Deciduous teeth are the first teeth to grow in a baby’s mouth. Although most babies do not erupt any teeth by six months of age, the process of teething in some of them begins very early, from the first two months.
Most babies get 20 temporary teeth by the age of 30 months, which are called baby teeth. Some babies have strong protrusions on their gums from birth, which they call anterior teeth. These bumps are natural and have nothing to worry about. Some babies actually erupt their teeth very early, and their first teeth erupt about two months or even earlier. Six weeks is a very young age for teething, but it does not cause any problems for the baby. Tooth eruption at this time also has its usual symptoms; Including saliva coming out of the baby’s mouth, itching and difficulty eating, hard, white bumps, and so on.
Baby tooth eruption at two months:
This is a very early time for teething but it is not impossible. Some babies even have teeth from birth! You heard right, babies can erupt teeth at any time or even be born with teeth! In some babies, the first tooth begins to erupt at three months of age and all of their teeth erupt by 11 months or one year of age.
In this case, you just have to pay attention to the baby’s teeth. They need these teeth by the age of six, and pacifiers and bottles are bad for their teeth. So be sure to brush their small teeth with a soft, clean cloth when you put them in your baby’s mouth.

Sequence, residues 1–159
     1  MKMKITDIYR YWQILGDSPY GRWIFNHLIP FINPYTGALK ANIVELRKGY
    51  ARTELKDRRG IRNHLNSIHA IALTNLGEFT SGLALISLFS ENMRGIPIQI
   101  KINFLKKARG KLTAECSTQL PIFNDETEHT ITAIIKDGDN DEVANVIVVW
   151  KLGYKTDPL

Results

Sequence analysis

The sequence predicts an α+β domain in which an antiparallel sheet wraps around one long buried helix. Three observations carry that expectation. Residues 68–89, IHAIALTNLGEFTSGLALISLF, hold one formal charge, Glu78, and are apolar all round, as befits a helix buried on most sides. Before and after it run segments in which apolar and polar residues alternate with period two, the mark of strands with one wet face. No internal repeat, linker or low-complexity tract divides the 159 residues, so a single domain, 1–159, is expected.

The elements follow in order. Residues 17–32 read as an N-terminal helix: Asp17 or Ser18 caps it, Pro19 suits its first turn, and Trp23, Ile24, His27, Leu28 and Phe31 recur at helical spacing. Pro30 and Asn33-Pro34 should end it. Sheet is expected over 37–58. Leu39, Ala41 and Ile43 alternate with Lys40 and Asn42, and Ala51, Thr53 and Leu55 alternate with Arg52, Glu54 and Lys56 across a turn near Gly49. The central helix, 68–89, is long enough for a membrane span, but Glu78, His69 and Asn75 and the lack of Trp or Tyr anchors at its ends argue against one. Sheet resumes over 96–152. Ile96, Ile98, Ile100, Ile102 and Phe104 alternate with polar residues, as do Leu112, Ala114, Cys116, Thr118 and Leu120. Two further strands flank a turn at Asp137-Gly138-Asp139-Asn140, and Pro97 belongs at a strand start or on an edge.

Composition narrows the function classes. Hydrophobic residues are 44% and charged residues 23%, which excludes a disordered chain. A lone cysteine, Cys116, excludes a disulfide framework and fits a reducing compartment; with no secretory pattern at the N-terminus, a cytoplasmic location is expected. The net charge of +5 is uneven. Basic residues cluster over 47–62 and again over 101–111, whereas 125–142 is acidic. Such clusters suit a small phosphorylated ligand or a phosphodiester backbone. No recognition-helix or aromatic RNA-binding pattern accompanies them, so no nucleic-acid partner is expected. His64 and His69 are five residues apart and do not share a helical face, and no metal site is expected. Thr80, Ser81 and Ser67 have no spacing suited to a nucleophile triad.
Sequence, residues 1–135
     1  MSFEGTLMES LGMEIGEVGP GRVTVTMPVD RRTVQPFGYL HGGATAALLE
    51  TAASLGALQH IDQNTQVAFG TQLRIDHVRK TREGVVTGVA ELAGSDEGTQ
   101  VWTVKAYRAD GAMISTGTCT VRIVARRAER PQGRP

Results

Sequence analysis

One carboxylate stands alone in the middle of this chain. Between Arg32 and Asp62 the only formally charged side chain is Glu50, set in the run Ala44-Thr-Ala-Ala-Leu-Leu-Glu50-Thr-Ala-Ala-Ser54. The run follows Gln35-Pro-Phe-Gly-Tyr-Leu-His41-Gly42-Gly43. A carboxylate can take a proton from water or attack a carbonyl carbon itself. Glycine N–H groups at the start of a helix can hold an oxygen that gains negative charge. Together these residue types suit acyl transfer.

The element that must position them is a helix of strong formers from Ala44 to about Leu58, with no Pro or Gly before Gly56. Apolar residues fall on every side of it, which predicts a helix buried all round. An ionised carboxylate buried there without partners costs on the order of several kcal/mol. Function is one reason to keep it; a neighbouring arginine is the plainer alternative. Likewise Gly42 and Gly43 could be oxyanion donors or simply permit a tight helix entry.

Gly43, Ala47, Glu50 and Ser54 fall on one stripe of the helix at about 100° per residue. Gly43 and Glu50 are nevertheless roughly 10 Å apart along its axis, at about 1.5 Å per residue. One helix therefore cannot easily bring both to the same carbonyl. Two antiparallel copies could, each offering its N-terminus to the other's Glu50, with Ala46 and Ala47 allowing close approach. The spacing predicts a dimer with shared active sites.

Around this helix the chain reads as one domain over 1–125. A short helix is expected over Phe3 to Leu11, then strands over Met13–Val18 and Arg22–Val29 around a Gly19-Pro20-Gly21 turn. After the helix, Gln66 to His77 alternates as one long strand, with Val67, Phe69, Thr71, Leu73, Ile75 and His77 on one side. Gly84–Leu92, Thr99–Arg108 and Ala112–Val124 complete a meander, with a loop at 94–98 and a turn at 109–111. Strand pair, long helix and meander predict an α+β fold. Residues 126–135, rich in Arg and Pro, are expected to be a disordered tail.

Tooth eruption may have the following signs and symptoms:
Fatigue or lack of sleep due to gum pain
Do not eat or refuse food due to gum pain
Occasional bumps and inflammation
Immerse hand and finger in mouth
Itching around the mouth occurs as a result of excessive salivation and skin sensitivity.
Rubbing the cheek or ear because of the pain the child feels inside the gums of the mill.
If you notice these symptoms in your baby, there may be other conditions besides teething:
High fever (especially above 101 degrees Fahrenheit)
Diarrhea, runny nose and cough
The middle teeth are the first teeth to fall out (between the ages of 6 and 7), followed by the lateral middle teeth (between the ages of 7 and 8). Then it is the turn of the mill teeth. The timing of loosening of these teeth varies from child to child but usually occurs between the ages of 9 and 12. The lower canines between the ages of 9 and 12 and the upper canines between the ages of 10 and 12 begin to loosen and fall out.
Usually, by the age of 13, all the main teeth have erupted and all 28 main teeth of the child are completed (although 4 wisdom teeth appear between the ages of 17 and 21). Talk to your child’s doctor if you are worried or have problems with your baby’s teeth.
Tell your dentist or pediatrician if your baby is 18 months old and has not had any teeth yet (babies born early usually erupt a few months later than other babies). Also, if your child has all the symptoms of teething (including salivation, swollen gums, etc.) but is experiencing a lot of pain symptoms (such as prolonged crying), call your doctor because teething should not be done until The limit should be difficult for the child.